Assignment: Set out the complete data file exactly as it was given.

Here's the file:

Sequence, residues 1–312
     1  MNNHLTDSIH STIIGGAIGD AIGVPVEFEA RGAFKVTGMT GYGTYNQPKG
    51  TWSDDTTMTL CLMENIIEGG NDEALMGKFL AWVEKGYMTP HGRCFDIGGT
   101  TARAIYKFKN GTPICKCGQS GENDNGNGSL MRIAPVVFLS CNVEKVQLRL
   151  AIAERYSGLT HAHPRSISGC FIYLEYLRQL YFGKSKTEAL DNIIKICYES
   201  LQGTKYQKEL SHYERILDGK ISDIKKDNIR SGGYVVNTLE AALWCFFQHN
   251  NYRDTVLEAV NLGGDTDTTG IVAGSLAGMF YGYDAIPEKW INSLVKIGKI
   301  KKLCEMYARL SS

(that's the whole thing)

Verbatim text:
Sequence, residues 1–312
     1  MNNHLTDSIH STIIGGAIGD AIGVPVEFEA RGAFKVTGMT GYGTYNQPKG
    51  TWSDDTTMTL CLMENIIEGG NDEALMGKFL AWVEKGYMTP HGRCFDIGGT
   101  TARAIYKFKN GTPICKCGQS GENDNGNGSL MRIAPVVFLS CNVEKVQLRL
   151  AIAERYSGLT HAHPRSISGC FIYLEYLRQL YFGKSKTEAL DNIIKICYES
   201  LQGTKYQKEL SHYERILDGK ISDIKKDNIR SGGYVVNTLE AALWCFFQHN
   251  NYRDTVLEAV NLGGDTDTTG IVAGSLAGMF YGYDAIPEKW INSLVKIGKI
   301  KKLCEMYARL SS